Monday, May 2, 2011

When is a Wasp a Fly?

Conops quadrifasciatus
With its narrow waist and yellow and black striped colouration, one would be forgiven for assuming Conops quadrifasciatus was a solitary wasp. Closer inspection however reveals one set of wings, as opposed to hymnopterans' two sets, which places it firmly with the dipterans. C. quadrifasciatus is one of a number of similar conopid flies that are present in Europe (1), with 11 species of the family present in Ireland (2). Adults feed on a variety of flowers, including ragwort (Senicio jacobaea) as seen in the pictures.
Conops quadrifasciatus
However, any affinity conopid flies have with hymnopterans is entirely superficial as they are major parasites of bumblebees. The adult female fly attacks foraging worker, male and queen bumblebees outside the nest, placing eggs onto or in the abdomen of the host. The larva hatches and resides in the abdomen of the bee, feeding off haemolymph and the bee's internal organs (3). The bee dies during the last larval stage and pupation takes place inside the body of the bee.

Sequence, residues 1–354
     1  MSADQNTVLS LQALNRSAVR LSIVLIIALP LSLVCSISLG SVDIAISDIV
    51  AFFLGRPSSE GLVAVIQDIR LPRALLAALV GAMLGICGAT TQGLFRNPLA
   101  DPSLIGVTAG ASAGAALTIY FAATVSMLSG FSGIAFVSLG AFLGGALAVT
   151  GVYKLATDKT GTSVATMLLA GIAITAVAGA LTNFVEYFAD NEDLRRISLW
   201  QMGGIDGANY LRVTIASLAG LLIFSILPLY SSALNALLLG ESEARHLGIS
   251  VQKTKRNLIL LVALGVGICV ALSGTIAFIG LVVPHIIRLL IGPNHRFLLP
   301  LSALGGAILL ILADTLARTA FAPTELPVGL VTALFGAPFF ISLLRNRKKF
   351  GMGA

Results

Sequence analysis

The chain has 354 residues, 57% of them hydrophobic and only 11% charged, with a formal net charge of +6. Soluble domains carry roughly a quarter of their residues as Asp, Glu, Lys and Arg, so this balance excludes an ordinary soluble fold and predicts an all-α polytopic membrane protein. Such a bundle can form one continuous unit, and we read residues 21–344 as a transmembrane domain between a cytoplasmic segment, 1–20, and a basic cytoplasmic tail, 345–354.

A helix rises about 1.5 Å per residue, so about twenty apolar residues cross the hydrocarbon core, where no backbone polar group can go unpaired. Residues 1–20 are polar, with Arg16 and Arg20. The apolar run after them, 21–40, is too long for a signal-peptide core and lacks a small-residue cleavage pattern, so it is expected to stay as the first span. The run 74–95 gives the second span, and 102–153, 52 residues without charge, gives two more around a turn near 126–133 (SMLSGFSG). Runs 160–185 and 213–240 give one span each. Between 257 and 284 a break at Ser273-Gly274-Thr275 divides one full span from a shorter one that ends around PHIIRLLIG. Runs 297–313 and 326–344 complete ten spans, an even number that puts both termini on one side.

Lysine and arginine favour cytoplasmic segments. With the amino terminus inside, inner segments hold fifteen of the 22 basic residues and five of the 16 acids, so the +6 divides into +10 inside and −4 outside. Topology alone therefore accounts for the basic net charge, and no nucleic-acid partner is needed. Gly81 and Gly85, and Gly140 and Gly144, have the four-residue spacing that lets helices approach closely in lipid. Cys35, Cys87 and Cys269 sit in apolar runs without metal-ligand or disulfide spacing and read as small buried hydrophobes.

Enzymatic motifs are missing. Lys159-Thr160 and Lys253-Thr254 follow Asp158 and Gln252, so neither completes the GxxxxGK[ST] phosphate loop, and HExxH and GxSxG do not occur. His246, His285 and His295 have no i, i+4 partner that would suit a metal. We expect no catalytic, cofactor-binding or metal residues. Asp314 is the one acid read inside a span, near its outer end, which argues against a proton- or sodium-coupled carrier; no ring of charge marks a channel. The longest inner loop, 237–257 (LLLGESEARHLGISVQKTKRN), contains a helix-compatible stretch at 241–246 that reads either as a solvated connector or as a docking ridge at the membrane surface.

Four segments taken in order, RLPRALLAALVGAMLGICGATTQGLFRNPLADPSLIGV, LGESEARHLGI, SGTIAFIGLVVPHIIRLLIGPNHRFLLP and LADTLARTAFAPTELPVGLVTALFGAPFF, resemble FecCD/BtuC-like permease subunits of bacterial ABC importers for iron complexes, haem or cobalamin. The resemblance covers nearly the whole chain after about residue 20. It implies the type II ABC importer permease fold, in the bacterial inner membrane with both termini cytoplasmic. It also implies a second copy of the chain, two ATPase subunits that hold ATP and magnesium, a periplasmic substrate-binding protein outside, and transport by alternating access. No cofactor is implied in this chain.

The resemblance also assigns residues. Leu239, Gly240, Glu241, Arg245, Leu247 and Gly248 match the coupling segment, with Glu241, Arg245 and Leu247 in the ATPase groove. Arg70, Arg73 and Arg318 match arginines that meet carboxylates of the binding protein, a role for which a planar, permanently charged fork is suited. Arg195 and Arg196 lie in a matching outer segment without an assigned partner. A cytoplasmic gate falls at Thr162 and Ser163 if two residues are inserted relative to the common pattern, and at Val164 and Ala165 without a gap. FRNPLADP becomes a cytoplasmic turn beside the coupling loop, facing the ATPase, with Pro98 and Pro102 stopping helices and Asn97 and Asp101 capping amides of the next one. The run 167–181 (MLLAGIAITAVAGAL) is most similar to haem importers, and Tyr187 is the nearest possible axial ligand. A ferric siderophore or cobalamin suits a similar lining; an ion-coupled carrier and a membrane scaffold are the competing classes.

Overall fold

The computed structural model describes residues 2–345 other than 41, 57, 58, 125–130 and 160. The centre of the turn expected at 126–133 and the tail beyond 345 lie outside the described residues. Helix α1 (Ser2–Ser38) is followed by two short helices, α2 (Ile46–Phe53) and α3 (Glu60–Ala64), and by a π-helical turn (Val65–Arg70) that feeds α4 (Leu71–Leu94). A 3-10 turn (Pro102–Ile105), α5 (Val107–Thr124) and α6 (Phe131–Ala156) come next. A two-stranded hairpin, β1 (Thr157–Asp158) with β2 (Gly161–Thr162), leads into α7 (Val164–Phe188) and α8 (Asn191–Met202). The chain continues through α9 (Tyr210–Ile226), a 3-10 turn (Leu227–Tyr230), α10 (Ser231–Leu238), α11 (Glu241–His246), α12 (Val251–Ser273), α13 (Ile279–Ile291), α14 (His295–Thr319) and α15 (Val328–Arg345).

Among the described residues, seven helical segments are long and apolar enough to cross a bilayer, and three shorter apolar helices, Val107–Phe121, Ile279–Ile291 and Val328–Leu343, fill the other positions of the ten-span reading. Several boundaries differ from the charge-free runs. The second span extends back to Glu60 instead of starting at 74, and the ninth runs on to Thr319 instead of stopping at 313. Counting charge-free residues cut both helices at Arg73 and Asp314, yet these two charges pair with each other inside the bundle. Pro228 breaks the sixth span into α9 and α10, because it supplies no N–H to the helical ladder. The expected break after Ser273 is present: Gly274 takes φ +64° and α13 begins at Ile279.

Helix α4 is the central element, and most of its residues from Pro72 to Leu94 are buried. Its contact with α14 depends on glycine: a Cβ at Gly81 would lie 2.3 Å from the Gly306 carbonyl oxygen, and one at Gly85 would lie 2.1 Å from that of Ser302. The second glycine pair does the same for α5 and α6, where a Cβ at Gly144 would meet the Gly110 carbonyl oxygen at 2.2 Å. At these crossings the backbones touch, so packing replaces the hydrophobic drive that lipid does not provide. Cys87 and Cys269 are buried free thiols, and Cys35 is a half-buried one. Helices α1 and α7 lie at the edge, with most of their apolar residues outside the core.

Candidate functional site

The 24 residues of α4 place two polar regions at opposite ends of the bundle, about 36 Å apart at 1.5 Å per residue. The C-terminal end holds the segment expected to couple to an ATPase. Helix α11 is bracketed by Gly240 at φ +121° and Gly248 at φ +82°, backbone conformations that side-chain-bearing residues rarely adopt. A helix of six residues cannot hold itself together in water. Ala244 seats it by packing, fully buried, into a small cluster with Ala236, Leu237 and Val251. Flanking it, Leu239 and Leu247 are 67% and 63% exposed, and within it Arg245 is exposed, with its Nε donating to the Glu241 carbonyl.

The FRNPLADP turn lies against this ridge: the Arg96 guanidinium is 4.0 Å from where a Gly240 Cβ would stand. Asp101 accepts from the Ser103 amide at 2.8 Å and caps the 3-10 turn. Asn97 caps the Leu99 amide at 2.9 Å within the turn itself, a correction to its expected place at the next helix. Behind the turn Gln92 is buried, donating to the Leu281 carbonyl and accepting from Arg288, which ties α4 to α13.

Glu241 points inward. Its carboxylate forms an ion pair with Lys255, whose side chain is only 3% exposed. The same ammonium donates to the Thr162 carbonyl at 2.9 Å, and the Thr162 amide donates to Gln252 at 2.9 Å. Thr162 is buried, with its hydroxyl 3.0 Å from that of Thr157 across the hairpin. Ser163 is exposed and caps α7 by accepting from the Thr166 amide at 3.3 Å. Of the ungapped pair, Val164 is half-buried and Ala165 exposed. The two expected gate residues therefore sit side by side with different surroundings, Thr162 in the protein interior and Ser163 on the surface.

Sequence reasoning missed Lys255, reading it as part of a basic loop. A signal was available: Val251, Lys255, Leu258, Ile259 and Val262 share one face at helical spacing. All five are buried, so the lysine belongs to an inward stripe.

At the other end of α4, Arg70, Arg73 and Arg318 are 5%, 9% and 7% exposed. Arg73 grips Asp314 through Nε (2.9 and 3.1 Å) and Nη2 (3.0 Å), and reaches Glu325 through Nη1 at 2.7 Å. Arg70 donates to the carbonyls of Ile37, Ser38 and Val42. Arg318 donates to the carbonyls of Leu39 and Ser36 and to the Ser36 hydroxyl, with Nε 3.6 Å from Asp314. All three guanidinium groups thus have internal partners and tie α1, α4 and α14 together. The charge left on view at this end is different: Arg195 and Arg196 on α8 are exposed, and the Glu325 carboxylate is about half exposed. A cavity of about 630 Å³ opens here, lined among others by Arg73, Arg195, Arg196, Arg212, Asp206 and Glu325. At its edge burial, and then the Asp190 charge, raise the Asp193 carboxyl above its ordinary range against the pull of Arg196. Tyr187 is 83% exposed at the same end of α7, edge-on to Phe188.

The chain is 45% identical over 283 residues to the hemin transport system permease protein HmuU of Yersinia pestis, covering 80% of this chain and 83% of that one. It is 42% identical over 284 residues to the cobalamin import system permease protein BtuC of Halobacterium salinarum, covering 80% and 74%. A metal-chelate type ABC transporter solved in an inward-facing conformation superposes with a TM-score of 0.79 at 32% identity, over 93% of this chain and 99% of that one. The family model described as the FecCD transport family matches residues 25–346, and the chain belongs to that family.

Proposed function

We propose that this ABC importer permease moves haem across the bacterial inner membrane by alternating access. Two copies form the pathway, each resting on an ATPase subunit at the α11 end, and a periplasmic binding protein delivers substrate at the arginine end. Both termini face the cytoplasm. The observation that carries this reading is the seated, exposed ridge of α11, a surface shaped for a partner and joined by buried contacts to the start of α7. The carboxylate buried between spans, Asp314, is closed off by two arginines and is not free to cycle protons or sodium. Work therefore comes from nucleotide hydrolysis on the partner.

1. Chinery, 1997. Collins Gem Insects p. 202
  2. Ferriss et al. 2009, Irish Biodiversity: A Taxonomic Inventory of Fauna p.101
  3. Schmid-Hempel et al., 1990. Insectes Sociaux 37 pp. 14-30

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